Treatment 2 (chemotherapy ± rituximab)+2.002243.391540.5551
 Subject of living donor transplantation (yes/no)−5.016982.326810.0314
 Treatment 1 (single agent rituximab) ×time (years)+2.65727.630590.7276
 Treatment 2 (chemotherapy ± rituximab) × time (years)+10.844154.208090.0100
Figure 1.

Individual patient's eGFR values in follow-up (day +0 indicates pre-therapeutic values at time of diagnosis of PTLD). Patients with PTLD treated with single agent rituximab are indicated by green dots, those treated with chemotherapy ± rituximab are indicated by blue triangles. eGFR values of control patients are indicated by light grey dots. Respective colored lines indicate the change of renal graft function over time for the three groups as determined by the calculation of local means. While control patients show a continuous decline of renal graft function over time, PTLD patients improve with treatment. Those treated with chemotherapy ± rituximab show significantly improved renal graft function during the first 100 days of treatment and continue to improve in follow-up, resulting in an overall significant difference in the rate of graft function (p = 0.0100). Patients treated with rituximab monotherapy initially show a decline in their renal graft function during treatment, but improve following cessation. Although they achieve identical values compared with CHOP-treated patients, the overall changes in this treatment group did not reach a level of significance compared with controls.


This is the first study to analyze renal transplant function over time in the context of IR followed by either rituximab monotherapy or CHOP-based chemotherapy. Currently, there is little or no standardization of either how IR should best be realized or of the most suitable endpoints to the intervention. This means immunosuppression is usually combined with other treatments, and although response rates to IR are low (10) it is difficult to eliminate a possible immune benefit effect. Hematotoxicity, leading to infectious complications and significant treatment-related mortality is the most important therapeutic limitation of CHOP. Anti-CD20 monotherapies are therefore the preferred treatment modality in PTLD when patients fail to respond significantly to upfront IR, although they seem to be less effective in high-risk patients (14). Optimizing IR in the context of subsequent therapies therefore might be crucial to improve efficacy and to reduce toxicity of subsequent treatment lines. Here, we have shown that IR followed by either single agent rituximab or CHOP-based chemotherapy ± rituximab is not associated with an increased risk of renal graft impairment compared with IR alone. In contrast, renal graft function slightly, but significantly improved following treatment of the lymphoma. Compared with renal transplant controls showing stable graft function, PTLD patients receiving chemotherapy had a noninferior graft function at follow-up. This suggests that the negative impact of IR on graft function can be compensated by the immunosuppressive effect of CHOP, suppressing both cell-mediated and humoral immunity through its effects on T and B cells (24). Conversely, patients with PTLD may be overimmunosuppressed. Whether the compensatory immunosuppressive effect of CHOP is potent enough to offer the possibility of stopping all immunosuppressive therapy during the time of chemotherapeutic treatment remains unclear, although these data encourage a more intensive IR when patients receive CHOP in order to reduce treatment-related mortality. For patients treated with IR + single agent rituximab noninferiority to the control group could not be proven, but follow-up graft function was not significantly worse than for controls. The immunosuppressive effect of rituximab, which acts mainly on B cells, may only be strong enough to partially compensate for IR. Peripheral B cell depletion strategies, however, have been successfully employed in the treatment of systemic autoimmune diseases, and recent studies have suggested that transient B cell depletion may act on non-B cell populations (25). In conclusion, IR + single agent rituximab and IR+CHOP-based chemotherapy ± rituximab are highly effective treatment modalities when patients fail to respond to IR alone. Chemotherapy ± rituximab and to a lesser extent rituximab monotherapy stabilize the graft function as both have immunosuppressant activity. IR therefore is a viable strategy in the context of subsequent treatment with rituximab and CHOP.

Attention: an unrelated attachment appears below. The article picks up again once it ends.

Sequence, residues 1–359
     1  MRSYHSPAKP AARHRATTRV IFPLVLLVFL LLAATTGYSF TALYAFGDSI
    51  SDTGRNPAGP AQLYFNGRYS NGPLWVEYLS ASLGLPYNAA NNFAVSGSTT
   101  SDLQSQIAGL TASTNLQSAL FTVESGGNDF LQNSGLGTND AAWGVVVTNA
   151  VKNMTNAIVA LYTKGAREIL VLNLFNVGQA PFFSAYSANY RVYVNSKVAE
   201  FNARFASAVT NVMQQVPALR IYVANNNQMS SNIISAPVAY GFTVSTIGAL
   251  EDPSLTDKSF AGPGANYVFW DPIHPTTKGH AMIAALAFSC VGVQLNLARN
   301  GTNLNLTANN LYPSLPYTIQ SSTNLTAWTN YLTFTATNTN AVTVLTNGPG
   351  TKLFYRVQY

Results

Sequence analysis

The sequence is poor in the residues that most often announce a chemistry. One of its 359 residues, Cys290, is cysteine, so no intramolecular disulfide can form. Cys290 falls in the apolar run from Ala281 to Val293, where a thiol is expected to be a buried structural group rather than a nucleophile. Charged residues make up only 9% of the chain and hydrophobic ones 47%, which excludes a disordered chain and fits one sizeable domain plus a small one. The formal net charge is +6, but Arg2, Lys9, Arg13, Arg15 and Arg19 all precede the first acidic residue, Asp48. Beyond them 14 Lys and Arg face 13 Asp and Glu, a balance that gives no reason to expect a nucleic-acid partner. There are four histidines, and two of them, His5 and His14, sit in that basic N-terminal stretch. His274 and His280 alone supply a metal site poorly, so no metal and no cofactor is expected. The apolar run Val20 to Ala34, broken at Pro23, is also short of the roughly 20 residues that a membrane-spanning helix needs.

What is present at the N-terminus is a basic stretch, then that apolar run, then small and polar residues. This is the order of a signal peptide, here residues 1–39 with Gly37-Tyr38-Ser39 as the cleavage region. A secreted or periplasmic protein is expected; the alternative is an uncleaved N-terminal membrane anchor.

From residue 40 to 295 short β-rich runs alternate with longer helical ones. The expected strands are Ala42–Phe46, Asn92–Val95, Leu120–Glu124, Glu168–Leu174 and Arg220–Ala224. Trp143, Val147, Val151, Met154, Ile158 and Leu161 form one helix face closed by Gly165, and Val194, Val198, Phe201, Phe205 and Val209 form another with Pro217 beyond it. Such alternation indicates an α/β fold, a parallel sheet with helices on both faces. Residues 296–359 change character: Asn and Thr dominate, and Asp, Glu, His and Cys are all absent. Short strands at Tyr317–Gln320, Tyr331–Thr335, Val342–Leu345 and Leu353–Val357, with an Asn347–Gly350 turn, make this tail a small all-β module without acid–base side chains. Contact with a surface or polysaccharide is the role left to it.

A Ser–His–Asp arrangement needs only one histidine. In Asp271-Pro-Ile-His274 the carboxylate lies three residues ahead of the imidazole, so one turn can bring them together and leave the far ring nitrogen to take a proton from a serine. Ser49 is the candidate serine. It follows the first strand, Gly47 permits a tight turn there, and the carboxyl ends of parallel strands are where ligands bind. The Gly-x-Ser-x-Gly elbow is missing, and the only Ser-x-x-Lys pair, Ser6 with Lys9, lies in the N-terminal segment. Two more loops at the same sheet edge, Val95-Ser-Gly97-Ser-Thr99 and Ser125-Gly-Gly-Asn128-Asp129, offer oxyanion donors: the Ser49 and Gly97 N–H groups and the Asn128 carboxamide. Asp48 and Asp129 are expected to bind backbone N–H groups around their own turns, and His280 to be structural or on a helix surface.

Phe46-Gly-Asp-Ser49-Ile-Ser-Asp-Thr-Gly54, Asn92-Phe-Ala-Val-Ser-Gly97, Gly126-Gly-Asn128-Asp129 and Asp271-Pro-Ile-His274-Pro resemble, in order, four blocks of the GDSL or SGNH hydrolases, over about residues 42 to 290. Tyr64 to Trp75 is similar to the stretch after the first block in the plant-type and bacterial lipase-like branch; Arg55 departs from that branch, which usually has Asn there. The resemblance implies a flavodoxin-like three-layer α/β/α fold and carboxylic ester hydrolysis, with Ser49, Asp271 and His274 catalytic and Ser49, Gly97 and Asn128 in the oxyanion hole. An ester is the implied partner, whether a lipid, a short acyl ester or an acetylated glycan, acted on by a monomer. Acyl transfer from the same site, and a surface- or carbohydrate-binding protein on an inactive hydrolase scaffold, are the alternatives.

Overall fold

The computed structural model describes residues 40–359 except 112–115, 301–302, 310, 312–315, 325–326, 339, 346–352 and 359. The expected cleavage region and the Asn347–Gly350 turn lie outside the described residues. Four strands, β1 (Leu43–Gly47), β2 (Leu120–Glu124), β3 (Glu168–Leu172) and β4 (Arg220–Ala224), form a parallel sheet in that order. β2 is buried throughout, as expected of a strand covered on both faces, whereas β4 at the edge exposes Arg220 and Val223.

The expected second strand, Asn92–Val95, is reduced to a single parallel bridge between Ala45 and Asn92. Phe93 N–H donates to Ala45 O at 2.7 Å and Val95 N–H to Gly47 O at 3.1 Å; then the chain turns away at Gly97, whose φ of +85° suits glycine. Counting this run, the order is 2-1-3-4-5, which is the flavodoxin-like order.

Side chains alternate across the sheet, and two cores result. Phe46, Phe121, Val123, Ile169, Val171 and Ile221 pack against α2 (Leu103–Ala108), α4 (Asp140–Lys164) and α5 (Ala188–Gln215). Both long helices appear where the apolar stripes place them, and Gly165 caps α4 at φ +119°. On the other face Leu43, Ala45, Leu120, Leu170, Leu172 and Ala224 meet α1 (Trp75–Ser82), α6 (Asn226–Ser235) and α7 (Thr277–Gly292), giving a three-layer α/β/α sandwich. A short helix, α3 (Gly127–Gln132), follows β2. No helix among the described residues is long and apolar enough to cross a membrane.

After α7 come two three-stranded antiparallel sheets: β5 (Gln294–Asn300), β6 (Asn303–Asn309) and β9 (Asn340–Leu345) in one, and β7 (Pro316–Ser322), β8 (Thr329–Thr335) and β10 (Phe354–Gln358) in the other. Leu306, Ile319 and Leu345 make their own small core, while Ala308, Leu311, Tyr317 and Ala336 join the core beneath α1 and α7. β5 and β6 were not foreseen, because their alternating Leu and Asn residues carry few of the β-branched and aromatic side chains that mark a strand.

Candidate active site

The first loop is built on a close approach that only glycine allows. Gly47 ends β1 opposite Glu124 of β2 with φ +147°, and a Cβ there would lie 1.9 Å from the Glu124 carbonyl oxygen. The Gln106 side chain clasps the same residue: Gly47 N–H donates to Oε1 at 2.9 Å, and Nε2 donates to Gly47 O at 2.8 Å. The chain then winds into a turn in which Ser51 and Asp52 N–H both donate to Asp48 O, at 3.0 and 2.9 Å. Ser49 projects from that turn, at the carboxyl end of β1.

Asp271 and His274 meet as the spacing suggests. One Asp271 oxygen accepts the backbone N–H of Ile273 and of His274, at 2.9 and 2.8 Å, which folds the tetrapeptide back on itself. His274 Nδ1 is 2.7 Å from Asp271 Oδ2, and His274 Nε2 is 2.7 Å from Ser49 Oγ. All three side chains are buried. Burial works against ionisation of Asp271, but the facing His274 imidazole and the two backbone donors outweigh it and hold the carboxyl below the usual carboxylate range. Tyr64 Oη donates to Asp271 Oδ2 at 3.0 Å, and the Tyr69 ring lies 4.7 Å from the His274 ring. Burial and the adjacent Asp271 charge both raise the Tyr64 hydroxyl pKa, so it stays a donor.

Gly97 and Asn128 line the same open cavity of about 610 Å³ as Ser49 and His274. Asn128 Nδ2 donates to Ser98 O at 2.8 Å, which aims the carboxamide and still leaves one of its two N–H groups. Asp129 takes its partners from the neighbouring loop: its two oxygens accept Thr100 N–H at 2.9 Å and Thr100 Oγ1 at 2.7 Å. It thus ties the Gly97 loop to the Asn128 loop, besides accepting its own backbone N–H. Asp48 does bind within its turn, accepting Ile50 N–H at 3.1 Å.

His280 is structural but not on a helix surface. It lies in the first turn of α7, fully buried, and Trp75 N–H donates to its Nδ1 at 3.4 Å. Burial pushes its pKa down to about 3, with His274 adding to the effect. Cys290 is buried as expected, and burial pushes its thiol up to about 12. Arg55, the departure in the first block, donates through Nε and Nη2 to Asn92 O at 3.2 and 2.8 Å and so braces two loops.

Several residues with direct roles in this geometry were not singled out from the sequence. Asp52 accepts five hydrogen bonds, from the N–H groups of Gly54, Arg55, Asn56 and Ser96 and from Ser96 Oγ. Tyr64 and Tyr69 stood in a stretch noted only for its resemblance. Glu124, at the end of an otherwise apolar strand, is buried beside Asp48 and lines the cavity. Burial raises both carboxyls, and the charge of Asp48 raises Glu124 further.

This project has been supported by grants from AMGEN, CLS Behring, Mundipharma GmbH and Roche Pharma AG to RT. The DPTLDSG is a member of the German Competence Network Malignant Lymphomas (KML). Financial support for scientific and educational presentations has been received from CLS Behring and Roche Pharma AG by RT. All other authors declare that no individual support has been received and that there is no relationship with any company in the context of this study.